Sound Affects

December 2010

20 Questions: Le Concorde

Le Concorde’s fourth studio album House (October 2010, Le Grand Magistery) has set 2010’s mark for contemplative pop, bursting with catchy hooks and California sunshine.

A Long Drive: Modest Mouse - “Jesus Christ Was an Only Child”

"Jesus Christ Was an Only Child" has Isaac Brock indulging in his taste for roots music and Americana, providing an interesting digression in the flow of The Lonesome Crowded West.

Counterbalance No. 11: Bob Dylan’s ‘Highway 61 Revisited’

Counterbalance needs a dump truck, baby, to unload its head as it revisits Highway 61 Revisited, Bob Dylan's 1965 game-changer.

Peter “Sleazy” Christopherson: 1955-2010

Music just lost a visionary who pushed sonic boundaries into dark, unexpected territory.

Top Ten Tracks for Your Holiday Playlist

Weary of Bing Crosby singing “White Christmas” for the 567th time? Here's an alternate selection of songs to consider spinning during the holiday season.

November 2010

Funktronica Jams: An Interview with Freekbass of Headtronics

Freekbass explains the "funktronica" sound and discusses his work with Headtronics, who recently appeared at Moogfest.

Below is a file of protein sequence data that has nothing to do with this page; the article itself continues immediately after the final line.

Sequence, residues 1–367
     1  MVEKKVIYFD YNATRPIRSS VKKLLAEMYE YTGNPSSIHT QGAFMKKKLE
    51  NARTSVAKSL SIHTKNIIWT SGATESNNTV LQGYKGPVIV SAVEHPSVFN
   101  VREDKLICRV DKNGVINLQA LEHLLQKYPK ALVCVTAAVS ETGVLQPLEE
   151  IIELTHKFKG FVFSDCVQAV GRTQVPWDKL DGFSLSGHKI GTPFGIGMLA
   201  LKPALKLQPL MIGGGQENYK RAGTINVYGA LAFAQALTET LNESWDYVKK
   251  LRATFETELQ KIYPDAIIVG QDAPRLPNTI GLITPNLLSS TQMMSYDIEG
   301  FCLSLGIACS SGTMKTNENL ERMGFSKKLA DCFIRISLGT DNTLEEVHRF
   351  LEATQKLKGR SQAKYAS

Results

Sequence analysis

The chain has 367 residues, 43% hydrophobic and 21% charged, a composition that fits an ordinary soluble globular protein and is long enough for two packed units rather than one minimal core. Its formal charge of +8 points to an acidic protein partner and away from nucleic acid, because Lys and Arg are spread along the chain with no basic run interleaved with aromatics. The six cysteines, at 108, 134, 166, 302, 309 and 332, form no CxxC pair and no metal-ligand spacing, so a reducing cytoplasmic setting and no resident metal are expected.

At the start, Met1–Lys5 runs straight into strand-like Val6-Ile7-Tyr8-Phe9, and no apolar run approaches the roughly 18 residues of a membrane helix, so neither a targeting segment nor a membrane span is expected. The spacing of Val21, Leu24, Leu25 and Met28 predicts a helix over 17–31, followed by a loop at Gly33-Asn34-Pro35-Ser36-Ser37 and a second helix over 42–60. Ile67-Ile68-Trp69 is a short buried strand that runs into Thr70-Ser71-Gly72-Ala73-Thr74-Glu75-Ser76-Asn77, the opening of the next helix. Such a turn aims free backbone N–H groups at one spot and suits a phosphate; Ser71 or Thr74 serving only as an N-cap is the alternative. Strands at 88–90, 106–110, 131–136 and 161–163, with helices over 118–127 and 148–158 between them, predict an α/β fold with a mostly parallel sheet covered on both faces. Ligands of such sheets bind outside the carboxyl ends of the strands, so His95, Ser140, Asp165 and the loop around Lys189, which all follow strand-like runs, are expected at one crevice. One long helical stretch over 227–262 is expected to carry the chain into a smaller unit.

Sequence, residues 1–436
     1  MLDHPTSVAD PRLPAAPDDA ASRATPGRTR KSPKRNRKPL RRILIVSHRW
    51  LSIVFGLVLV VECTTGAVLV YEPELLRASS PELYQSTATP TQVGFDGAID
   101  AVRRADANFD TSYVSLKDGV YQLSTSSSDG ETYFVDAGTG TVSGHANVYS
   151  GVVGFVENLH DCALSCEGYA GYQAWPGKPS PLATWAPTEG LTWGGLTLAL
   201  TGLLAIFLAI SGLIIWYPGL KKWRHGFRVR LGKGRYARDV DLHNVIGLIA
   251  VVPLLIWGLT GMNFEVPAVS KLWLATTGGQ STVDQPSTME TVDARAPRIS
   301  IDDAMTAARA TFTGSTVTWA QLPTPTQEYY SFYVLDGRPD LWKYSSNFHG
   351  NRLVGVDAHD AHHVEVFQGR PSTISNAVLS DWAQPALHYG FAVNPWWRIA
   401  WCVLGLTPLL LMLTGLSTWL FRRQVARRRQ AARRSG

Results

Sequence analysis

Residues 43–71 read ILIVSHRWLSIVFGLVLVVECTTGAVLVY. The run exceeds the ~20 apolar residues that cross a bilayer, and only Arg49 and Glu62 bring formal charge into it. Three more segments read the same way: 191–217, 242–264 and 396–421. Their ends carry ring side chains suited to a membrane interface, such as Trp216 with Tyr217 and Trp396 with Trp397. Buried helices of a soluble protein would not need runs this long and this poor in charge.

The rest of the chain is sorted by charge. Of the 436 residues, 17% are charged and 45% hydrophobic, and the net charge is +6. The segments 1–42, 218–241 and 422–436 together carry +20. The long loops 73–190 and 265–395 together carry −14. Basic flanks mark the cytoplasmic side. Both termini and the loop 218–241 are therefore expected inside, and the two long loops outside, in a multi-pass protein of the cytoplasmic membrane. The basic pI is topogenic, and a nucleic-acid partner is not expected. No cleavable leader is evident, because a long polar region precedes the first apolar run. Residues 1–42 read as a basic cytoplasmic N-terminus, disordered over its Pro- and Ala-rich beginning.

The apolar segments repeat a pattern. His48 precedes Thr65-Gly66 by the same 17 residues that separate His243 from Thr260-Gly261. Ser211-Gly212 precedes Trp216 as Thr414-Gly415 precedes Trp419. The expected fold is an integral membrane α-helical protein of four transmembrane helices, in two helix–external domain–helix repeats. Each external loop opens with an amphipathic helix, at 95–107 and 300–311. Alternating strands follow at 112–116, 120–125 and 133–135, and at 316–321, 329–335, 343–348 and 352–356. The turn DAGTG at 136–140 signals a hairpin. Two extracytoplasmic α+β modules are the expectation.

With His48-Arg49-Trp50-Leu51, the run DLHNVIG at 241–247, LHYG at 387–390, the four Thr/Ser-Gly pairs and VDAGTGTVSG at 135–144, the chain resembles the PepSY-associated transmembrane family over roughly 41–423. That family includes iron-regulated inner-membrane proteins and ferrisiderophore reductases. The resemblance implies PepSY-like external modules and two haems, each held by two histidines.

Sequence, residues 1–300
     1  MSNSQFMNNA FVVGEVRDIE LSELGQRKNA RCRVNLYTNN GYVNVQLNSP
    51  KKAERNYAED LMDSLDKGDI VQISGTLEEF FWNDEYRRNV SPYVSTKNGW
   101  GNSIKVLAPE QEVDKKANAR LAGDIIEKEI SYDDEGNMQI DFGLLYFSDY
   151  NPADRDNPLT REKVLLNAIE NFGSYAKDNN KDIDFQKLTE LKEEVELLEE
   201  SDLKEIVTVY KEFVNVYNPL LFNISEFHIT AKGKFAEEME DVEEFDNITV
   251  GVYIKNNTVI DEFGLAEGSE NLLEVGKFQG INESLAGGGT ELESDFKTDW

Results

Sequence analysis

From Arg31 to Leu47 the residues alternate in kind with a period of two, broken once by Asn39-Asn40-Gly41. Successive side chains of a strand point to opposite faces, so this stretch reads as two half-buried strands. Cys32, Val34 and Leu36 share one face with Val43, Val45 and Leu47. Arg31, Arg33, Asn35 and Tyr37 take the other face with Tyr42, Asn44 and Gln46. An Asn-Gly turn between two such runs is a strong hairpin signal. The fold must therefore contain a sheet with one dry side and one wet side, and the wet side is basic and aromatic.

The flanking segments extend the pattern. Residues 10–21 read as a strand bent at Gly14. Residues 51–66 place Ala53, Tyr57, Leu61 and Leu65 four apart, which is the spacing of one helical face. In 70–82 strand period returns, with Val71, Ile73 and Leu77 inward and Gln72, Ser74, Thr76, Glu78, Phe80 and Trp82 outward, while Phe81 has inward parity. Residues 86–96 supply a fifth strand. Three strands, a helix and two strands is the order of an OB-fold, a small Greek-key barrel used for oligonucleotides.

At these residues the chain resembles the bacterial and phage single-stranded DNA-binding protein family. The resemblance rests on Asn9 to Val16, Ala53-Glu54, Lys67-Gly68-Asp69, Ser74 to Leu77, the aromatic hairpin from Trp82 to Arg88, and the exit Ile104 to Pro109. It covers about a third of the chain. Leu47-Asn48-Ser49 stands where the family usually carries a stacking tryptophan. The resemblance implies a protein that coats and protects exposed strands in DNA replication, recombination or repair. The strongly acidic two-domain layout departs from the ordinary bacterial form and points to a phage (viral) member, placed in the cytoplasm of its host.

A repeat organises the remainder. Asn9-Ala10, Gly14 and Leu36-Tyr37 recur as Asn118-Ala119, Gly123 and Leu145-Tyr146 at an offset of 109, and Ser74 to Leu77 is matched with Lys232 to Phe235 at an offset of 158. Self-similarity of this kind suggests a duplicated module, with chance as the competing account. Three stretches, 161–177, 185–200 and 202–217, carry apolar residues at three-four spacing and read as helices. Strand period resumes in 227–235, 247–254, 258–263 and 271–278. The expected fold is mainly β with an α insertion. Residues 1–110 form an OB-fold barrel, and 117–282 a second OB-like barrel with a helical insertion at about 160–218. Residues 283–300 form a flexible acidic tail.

A Long Drive: Modest Mouse - “Lounge (Closing Time)”

"Lounge (Closing Time)" finds Isaac Brock exploring the darker sides of romance and sex, coming up with a heady ambivalence that mirrors our own human experience.

Gaga Studies

It’s not surprising that the intense curiosity about Lady Gaga’s music and aesthetic is being brought into undergraduate classrooms.

The Masters of Indietronica, The Octopus Project, Chat with PopMatters

After a memorable set with Devo at Moogfest, band members relax for a chat with PopMatters.

A Long Drive: Modest Mouse - “Convenient Parking”

"Convenient Parking" embodies Isaac Brock's uniquely American fixation on the empty promises of the open road.

October 2010

September 2010

August 2010

July 2010

//Mixed media

Because Blood Is Drama: Considering Carnage in Video Games and Other Media

// Moving Pixels

"It's easy to dismiss blood and violence as salacious without considering why it is there, what its context is, and what it might communicate.

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